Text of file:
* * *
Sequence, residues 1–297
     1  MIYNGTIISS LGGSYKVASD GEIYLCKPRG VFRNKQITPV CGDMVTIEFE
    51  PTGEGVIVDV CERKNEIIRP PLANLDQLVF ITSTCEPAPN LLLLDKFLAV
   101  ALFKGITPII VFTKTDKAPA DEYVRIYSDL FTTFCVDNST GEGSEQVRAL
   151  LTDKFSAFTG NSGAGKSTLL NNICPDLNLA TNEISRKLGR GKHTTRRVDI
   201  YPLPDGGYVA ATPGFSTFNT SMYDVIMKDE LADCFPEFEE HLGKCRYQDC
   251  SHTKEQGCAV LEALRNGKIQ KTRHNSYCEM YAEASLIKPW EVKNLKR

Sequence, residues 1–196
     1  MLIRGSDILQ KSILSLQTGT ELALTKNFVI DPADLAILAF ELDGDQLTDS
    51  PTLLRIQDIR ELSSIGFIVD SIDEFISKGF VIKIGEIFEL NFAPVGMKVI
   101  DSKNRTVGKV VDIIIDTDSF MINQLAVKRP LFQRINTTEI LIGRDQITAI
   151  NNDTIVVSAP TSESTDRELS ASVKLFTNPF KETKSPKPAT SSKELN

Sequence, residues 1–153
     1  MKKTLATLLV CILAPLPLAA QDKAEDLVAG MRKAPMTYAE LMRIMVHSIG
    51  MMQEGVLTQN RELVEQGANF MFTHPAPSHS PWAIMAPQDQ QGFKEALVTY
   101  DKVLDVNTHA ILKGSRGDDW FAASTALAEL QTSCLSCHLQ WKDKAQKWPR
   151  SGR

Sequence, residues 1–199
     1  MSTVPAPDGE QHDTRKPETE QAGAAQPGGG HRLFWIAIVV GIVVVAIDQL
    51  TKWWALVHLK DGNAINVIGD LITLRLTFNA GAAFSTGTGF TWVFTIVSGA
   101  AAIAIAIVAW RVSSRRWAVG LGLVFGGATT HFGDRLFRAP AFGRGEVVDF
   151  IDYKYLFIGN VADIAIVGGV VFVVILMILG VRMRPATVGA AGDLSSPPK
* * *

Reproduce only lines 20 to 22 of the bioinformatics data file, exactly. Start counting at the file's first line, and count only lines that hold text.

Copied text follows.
    51  TKWWALVHLK DGNAINVIGD LITLRLTFNA GAAFSTGTGF TWVFTIVSGA
   101  AAIAIAIVAW RVSSRRWAVG LGLVFGGATT HFGDRLFRAP AFGRGEVVDF
   151  IDYKYLFIGN VADIAIVGGV VFVVILMILG VRMRPATVGA AGDLSSPPK